3GPP MDT data can be gathered in two different modes: immediate and logged.

immediate mode – as illustrated in figure 1 - provides measurements for RAN and UE. The UE measurements are derived from RRC measurement reports. The RAN adds the power headroom reported on the MAC layer, and the Received Interference Power (RIP) measured on the physical radio interface layer at the cell`s antenna as well as, reports for the data volume, IP throughput, user plane packet delay, and packet loss measured by the eNodeB.
Figure 1: Immediate 3GPP MDT Measurements*

logged mode – an example is shown in Figure 2 - the UE stores information related to accessibility problems in IDLE mode, failures during RRC establishment, and handover random access as well as radio link failures including connection loss. The MDT events log is sent to the network when it is requested. After connection loss, the MDT logged mode report is sent after the next successful radio connection establishment.

Figure 2: Logged 3GPP MDT Measurements*

The RRC measurement samples and Radio Link Failure (RLF) reports also contain detailed location information for example, on GPS/GNSS coordinates, although the 3GPP Release 9 Technical Report TR 36.805 stated: “The extensive use of positioning component of the UE shall be avoided since it would significantly increase the UE power consumption.”

Although, the encoding of logged mode reports and immediate UE measurements are defined in 3GPP TS 36.331 (RRC), the message formatting of the immediate RAN measurement events follow different proprietary specifications of the network element manufacturers (NEMs).

It is also up to the NEMs which of the M2... M7 immediate reports are implemented and how often such measurements will be generated during an ongoing connection. 

* all parameter values shown in the figures have been chosen randomly for illustrative purpose and do not reflect the situation of a real call or network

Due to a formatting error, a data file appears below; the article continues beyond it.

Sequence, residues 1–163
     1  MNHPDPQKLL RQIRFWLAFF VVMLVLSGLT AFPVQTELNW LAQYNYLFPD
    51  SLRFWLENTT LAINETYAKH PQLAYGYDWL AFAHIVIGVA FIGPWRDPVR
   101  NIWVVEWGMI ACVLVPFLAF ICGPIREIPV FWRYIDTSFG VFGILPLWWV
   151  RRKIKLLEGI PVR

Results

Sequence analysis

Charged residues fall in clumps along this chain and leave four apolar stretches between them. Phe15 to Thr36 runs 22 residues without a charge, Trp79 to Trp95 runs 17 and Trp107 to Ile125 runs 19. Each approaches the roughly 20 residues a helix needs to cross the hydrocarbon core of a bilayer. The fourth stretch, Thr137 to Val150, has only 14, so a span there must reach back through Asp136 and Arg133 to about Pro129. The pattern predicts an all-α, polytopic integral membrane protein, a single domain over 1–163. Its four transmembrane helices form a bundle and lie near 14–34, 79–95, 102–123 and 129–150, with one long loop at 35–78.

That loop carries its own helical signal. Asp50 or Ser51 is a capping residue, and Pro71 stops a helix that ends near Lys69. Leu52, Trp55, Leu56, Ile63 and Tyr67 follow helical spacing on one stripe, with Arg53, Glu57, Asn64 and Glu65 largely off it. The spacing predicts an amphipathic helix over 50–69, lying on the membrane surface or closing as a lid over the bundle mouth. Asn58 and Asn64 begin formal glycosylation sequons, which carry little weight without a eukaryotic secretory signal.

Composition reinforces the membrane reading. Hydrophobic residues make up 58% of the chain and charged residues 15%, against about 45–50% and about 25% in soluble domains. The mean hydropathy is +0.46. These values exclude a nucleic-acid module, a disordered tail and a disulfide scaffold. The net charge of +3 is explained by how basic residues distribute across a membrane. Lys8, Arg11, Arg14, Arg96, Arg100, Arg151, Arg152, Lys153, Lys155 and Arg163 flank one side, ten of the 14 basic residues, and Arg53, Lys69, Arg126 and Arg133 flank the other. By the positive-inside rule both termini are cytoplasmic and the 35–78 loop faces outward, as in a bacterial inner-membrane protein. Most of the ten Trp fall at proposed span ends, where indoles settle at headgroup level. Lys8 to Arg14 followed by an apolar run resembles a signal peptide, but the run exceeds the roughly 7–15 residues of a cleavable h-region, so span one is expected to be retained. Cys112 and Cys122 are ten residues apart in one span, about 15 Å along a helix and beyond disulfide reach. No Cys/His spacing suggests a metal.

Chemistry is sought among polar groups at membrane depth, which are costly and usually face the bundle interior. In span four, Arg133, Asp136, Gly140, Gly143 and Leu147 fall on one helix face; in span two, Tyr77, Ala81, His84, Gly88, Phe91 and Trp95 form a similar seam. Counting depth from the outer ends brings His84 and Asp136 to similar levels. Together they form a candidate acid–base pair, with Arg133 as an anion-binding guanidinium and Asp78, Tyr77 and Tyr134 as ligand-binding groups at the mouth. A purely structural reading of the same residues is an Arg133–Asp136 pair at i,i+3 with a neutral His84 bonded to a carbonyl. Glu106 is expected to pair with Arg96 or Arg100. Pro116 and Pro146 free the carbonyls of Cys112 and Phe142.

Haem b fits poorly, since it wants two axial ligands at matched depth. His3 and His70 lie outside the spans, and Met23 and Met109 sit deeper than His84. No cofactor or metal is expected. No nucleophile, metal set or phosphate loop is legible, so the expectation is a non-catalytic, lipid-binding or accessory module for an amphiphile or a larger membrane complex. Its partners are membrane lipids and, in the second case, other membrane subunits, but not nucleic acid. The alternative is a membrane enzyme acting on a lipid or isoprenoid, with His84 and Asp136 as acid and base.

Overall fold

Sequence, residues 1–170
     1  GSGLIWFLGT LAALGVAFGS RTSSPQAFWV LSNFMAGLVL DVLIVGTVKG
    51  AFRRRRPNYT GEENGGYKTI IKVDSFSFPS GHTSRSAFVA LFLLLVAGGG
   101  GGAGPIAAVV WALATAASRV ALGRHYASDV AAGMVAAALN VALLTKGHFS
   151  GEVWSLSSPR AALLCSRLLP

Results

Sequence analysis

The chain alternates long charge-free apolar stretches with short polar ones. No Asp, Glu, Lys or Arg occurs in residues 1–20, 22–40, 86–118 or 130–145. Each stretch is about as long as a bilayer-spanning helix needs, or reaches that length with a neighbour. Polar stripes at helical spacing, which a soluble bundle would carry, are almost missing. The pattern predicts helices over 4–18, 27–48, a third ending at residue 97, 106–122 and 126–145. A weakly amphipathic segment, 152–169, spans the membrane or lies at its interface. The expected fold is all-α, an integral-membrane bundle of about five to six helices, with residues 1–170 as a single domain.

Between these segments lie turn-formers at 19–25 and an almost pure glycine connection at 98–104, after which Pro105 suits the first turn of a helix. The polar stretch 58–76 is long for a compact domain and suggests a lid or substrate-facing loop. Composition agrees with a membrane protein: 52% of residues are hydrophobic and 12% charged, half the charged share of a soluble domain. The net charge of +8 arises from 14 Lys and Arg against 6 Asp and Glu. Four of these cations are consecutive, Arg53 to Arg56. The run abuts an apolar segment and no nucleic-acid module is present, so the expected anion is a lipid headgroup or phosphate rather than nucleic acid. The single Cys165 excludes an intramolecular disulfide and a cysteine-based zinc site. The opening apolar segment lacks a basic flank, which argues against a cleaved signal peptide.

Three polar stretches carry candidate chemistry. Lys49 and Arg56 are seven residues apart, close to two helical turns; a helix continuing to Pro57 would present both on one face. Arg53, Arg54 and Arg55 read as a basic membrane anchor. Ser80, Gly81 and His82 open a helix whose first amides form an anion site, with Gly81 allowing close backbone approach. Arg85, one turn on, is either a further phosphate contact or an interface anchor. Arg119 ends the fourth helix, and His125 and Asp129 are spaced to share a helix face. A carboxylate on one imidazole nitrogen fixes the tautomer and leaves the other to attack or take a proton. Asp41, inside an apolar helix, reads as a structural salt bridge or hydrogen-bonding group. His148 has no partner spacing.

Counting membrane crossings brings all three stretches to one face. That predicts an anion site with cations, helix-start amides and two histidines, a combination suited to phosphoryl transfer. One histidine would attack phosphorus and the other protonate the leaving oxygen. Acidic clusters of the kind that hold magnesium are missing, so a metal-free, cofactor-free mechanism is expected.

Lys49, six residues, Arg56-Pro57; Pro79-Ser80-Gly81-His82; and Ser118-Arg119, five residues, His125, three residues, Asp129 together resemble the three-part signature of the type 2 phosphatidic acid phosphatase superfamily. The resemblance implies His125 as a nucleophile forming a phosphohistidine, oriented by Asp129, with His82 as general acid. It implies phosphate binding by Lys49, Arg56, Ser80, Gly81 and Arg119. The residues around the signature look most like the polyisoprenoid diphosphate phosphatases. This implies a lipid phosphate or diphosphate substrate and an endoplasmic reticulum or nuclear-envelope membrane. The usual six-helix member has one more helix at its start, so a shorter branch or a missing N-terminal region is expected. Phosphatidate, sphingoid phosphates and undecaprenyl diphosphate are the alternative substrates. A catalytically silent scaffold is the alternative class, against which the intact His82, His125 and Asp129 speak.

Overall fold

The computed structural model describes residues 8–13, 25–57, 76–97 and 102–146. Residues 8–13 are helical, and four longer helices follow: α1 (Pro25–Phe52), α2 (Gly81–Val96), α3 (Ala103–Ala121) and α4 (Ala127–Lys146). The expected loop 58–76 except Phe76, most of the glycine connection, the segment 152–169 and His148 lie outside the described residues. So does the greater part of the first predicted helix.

Monday, 22 July 2019

6G: Above 100 GHz and Terahertz (THz) Frequencies

A new research paper  "Wireless Communications and Applications Above 100 GHz: Opportunities and Challenges for 6G and Beyond" by T. S. Rappaport et al. is available on IEEE website here.

With 5G, we are still solving the challenges of millimeter waves (mmWaves) so it is surprising for most people to hear that there is a research going on beyond 100 GHz and in THz frequencies. Quoting from the abstract of the paper:

The paper describes many of the technical challenges and opportunities for wireless communication and sensing applications above 100 GHz, and presents a number of promising discoveries, novel approaches, and recent results that will aid in the development and implementation of the sixth generation (6G) of wireless networks, and beyond. It also shows recent regulatory and standard body rulings that are anticipating wireless products and services above 100 GHz and illustrates the viability of wireless cognition, hyper-accurate position location, sensing, and imaging. The paper also presents approaches and results that show how long distance mobile communications will be supported to above 800 GHz since the antenna gains are able to overcome air-induced attenuation, and present methods that reduce the computational complexity and simplify the signal processing used in adaptive antenna arrays, by exploiting the Special Theory of Relativity to create a cone of silence in over-sampled antenna arrays that improve performance for digital phased array antennas. Also, new results that give insights into power efcient beam steering algorithms, and new propagation and partition loss models above 100 GHz are given, and promising imaging, array processing, and position location results are presented. The implementation of spatial consistency at THz frequencies, an important component of channel modeling that considers minute changes and correlations over space, is also discussed. This paper offers the first in-depth look at the vast applications of THz wireless products and applications and provides approaches for how to reduce power and increase performance across several problem domains, giving early evidence that THz techniques are compelling and available for future wireless communications.


At Brooklyn 5G Summit 2019, NYU Wireless founder and director, Dr. Ted Rappaport, presented a keynote on his vision beyond 5G, looking at both electronics and photonics, considering applications over 100GHz, channel models, and said that he expects brain-comparative data rate transmission wirelessly over the air in future networks. The keynote is embedded as video above.

Another keynote by Gerhard Fettweis from TU Dresden, talks about terahertz starting off with a look back at the history of mobile network generations up to 5G and looking ahead to 6G. Anticipating the tactile internet revolution to come, he considers the technicalities such as spectrum, channels, efficiency and adaptability needed to achieve the expected level of computing. That keynote can be viewed here.